Pulmonary hypertension is relatively common in children and has many causes. The management of the condition has changed dramatically in the past 5 years with the introduction of new medicines. However, diagnosis, investigation and choice of therapy remain a challenge. In 2002 the United Kingdom Pulmonary Hypertension Service for Children was established and this has become the mainstay of management in this country. This service, based at Great Ormond Street Hospital for Children, provides advice, expertise and infrastructure support for the most severely affected patients, particularly those with idiopathic pulmonary arterial hypertension for whom chronic intravenous prostacyclin remains the most effective medication. New medicines are being developed which, rather than focussing on dilating a diseased pulmonary vascular bed, aim to structurally remodel the pulmonary vasculature towards normal.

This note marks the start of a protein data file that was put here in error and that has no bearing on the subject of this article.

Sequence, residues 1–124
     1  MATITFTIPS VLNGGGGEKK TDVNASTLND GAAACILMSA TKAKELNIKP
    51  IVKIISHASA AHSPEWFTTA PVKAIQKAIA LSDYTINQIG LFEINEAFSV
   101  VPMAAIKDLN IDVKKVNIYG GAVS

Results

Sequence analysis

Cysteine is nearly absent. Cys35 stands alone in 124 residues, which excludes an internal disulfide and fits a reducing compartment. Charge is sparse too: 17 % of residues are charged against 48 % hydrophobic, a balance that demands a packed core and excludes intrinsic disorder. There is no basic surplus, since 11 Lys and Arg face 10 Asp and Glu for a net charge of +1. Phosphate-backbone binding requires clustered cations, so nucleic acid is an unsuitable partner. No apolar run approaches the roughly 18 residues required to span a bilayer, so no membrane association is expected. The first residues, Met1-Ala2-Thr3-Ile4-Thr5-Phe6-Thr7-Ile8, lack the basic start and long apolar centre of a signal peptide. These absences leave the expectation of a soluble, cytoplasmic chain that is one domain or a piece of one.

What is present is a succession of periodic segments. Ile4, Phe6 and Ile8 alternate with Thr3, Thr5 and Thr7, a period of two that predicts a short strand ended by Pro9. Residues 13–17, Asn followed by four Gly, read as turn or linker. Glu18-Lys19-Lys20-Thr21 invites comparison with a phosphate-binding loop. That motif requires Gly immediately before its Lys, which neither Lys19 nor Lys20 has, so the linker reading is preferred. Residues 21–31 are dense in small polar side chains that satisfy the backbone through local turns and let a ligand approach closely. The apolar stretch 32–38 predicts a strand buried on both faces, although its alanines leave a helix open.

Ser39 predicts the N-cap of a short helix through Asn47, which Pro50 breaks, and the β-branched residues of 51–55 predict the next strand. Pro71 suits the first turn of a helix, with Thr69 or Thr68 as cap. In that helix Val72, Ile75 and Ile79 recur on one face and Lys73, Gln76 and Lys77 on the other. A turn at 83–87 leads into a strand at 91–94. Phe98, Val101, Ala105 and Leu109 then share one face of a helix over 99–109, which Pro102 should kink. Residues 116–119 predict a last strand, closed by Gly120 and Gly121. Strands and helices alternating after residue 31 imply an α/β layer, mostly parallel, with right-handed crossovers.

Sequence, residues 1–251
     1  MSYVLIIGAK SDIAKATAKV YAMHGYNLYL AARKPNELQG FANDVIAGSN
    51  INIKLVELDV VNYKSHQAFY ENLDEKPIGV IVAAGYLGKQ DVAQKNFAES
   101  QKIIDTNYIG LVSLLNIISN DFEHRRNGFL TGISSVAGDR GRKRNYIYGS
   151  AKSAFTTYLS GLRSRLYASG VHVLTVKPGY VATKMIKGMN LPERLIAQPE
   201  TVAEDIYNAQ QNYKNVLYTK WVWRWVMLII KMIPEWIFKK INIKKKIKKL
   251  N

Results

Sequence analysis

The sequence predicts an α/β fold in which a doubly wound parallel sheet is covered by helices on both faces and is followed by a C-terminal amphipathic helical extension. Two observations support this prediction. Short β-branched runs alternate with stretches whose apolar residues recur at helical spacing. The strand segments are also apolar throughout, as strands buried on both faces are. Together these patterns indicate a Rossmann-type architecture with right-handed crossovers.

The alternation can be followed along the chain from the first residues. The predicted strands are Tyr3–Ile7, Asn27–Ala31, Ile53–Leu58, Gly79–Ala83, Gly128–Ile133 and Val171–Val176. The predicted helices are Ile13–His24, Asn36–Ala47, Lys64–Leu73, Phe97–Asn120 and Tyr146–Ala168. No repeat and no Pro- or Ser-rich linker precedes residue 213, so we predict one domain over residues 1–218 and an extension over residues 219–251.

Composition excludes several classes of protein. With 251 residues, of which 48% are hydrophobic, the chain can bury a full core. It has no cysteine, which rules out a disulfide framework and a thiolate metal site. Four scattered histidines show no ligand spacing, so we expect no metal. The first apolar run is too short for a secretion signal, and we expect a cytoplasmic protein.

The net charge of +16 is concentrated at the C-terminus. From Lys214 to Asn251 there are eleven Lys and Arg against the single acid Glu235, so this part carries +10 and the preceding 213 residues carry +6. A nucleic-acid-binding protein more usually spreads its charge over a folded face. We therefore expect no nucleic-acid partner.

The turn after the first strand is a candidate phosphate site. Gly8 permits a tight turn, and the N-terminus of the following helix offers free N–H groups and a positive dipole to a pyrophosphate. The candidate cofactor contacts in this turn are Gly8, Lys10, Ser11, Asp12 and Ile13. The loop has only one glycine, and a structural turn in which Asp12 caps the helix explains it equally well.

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Pulmonary hypertension is more common in children than in adults. A modest elevation in pulmonary arterial pressure (PAP) is tolerable, but a high pressure is associated with obstructive pulmonary vascular disease leading to right heart failure and death. Our perspective on this condition has changed dramatically since I wrote an editorial for this journal in 1998.1 Improved diagnostic techniques facilitate assessment, drug discoveries have revolutionised management and the establishment of a UK Service for the Care of Children with Pulmonary Hypertension has facilitated diagnosis and management and provided infrastructure support to improve the quality of life of the most severely affected children. We now have a clinically useful classification of pulmonary hypertension which includes all the types of pulmonary hypertension encountered in childhood (box 1).2 We have also established internationally recognised diagnostic and management guidelines.3 4 This review is based on the experience gained in establishing and running the UK Service for Children, a service commissioned by the Specialist Commissioning Group. The service is a structured clinical network designed to treat children with pulmonary hypertension rapidly and to provide immediate access to new medicines.